Rowan Charm Ritual

Introduction

Hopefully I’ve given a good idea of the use of rowan in this article here, but on this page I’m aiming to outline a ritual for making the protective charm of rowan and red thread that are traditionally hung above the thresholds at festivals. The ritual, slightly adapted, is also given to make charms for travel.

It is considered unlucky to cut or damage rowan trees in any way except “between the two Beltan days”1 (although there doesn’t seem to be anything similar with regards to collecting the berries in autumn), so it’s a good idea to collect branches that have fallen naturally or trim enough for the year ahead. Either way, I prefer to leave offerings and a few words of thanks when I’ve finished collecting the twigs I need.

The ritual

I’m of the opinion that while the cross form of the rowan charms are more than likely to be one of the later evolutions of the tradition, the four arms can be thought of as representing the four directions, and so represent an all encompassing protection. Alternatively, a twig wrapped in the thread, or peeled of bark and carved or decorated2 (perhaps with appropriate ogams) and hung by the thread, or a branch,3 could be used instead.4 Decorative beads (especially amber), dried rowan berries,5 and so on, could be added to the thread it will hang from if you wish.

For the ritual you will need the rowan, thread, and something to cut them to size. You could also sprinkle a little silver’d water (see the Saining Ritual) over the charm once it has been hung, as you say the second verse.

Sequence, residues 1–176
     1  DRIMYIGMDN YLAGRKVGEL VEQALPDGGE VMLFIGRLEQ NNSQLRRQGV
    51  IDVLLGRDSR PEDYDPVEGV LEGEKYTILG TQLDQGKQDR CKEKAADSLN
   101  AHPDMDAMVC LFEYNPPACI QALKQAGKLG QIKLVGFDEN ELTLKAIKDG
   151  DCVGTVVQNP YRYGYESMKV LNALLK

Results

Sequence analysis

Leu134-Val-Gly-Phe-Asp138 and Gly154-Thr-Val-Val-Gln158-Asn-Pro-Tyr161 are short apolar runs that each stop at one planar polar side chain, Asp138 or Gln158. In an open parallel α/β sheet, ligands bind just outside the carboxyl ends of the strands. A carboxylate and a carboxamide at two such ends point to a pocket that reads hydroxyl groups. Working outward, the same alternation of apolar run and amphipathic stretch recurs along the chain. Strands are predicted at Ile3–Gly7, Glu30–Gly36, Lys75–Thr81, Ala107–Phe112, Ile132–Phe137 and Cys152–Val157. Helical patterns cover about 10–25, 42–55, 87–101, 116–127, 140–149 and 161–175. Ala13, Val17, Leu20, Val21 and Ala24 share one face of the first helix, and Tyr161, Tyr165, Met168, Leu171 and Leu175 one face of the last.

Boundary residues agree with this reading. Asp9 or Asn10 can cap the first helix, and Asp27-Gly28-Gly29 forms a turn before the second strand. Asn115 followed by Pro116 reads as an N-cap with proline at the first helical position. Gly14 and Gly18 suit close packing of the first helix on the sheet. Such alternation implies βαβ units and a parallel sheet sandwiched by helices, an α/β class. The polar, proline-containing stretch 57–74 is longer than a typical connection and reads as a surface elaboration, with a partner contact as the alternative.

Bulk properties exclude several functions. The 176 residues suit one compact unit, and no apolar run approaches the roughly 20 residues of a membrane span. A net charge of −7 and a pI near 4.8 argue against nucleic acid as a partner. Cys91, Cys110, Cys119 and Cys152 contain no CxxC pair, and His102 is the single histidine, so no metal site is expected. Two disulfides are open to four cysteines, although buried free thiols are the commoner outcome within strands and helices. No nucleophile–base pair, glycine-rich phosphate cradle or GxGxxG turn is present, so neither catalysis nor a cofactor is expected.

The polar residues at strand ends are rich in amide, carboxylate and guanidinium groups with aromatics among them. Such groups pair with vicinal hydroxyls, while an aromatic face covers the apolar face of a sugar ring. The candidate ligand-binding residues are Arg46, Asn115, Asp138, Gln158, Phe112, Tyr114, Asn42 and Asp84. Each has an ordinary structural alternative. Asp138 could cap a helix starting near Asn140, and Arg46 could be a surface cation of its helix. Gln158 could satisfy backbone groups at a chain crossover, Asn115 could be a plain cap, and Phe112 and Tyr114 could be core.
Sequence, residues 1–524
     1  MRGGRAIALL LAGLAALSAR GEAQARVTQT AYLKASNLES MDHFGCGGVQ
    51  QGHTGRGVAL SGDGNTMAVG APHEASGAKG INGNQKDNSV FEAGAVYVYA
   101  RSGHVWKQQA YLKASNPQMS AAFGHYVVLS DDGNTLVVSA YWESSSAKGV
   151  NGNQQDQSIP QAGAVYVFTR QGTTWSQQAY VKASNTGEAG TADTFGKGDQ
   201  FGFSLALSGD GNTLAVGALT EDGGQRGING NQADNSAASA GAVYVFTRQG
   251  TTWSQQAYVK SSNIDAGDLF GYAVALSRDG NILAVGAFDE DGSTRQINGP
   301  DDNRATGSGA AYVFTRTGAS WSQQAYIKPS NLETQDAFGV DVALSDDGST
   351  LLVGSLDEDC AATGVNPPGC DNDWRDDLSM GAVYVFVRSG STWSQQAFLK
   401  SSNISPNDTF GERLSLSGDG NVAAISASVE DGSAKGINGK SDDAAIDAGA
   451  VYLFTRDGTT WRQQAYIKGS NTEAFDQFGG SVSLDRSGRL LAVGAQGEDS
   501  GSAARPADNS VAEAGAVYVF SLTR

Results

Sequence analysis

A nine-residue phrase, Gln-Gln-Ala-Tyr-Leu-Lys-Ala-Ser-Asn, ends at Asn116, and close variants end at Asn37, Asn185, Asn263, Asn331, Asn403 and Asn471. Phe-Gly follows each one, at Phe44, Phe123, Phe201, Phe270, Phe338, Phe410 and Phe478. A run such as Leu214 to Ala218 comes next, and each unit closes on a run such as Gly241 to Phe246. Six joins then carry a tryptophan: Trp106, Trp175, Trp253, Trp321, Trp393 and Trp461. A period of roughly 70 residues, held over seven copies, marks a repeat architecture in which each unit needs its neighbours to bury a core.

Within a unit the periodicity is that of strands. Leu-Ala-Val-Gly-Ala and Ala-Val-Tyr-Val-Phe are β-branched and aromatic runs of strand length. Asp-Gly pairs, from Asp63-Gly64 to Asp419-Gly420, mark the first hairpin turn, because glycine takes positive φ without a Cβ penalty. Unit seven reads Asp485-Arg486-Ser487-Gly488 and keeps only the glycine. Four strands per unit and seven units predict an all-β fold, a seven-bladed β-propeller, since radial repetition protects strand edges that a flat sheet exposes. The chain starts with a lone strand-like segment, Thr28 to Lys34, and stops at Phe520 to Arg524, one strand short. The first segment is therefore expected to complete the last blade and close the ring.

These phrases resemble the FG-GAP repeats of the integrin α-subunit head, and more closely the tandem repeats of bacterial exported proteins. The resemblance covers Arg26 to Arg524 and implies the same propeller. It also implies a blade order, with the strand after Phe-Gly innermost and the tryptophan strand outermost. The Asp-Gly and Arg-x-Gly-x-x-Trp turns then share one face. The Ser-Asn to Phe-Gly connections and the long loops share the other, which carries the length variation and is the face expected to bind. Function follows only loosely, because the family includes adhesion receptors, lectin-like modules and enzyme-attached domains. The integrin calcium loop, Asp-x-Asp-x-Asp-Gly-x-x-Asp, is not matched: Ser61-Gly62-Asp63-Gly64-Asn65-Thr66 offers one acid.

As you make the charm:

I make this charm for the threshold,
With the name of belovéd Bride on my lips,
A charm between this house and harm.

Then go to the place where it will be hung and secure it in place, saying:

I place the rowan and red thread before the door,
With the name of belovéd Bride on my lips,
A charm between this house and harm;

Against eye,
Against envy,
Against withering glance,
Against malice,
Against lightning,
Against storm,
Against flood,
Against disaster,
Against disease.

A charm between this house and harm,
Charm of subduing and averting,
Under sky, over sea, across land,
With the name of belovéd Bride on my lips.6

A charm for travelling

Small charms of rowan and red thread can be carried in the pocket or even sewn into clothes,7 or put in the car for protection, and so the verses can be adapted for purpose. These can be carried on a day to day basis, but may be particularly useful when going somewhere potentially dangerous, or during potentially dangerous times.

As you make the charm:

I make this charm for ______
With the name of belovéd Bride on my lips,
A charm between ______ and harm.

And since the charm will be used in travelling, the words can be changed slightly for the circumstances. As you place it (in pocket or car etc):

I place the rowan and red thread in ______’s pocket,
With the name of belovéd Bride on my lips,
A charm between _____ and harm;

Against eye,
Against envy,
Against theft,
Against malice,
Against fog,
Against storm,
Against flood,
Against danger.

A charm between ______ and harm,
Charm of subduing and averting,
Under sky, over sea, across land,
With the name of belovéd Bride on my lips.


References

1 Bennett, ‘From Local Memorate to Scottish Legend’, p179 in Fantastical Imaginations, edited by Lizanne Henderson, 2009.
2 Black, Scottish Charms and Amulets, 1892.
3 Black, Scottish Charms and Amulets, 1892.
4 Carmichael records that “an old man in Uist said that he used to swim to an islet in a lake in his neighbourhood for ivy, woodbine, and mountain ash. These, sometimes separately and sometimes combined, he twined into a three-plied ‘cuach’, ring, which he placed over the lintel of his cow-house and under the vessels in his milk-house, to safeguard his cows and his milk from witchcraft, evil eye, and murrain.” Carmina Gadelica Volume II, 1900, p280.
5 Maclagan, Evil Eye in the western Highlands, 1902, p114.
6 This charm is mostly of my own making, but takes some inspiration from Song 143 in Carmina Gadelica Volume II, 1900, p52-53.
7 Gregor, Notes on the Folk-Lore of the North East of Scotland, 1881, p188.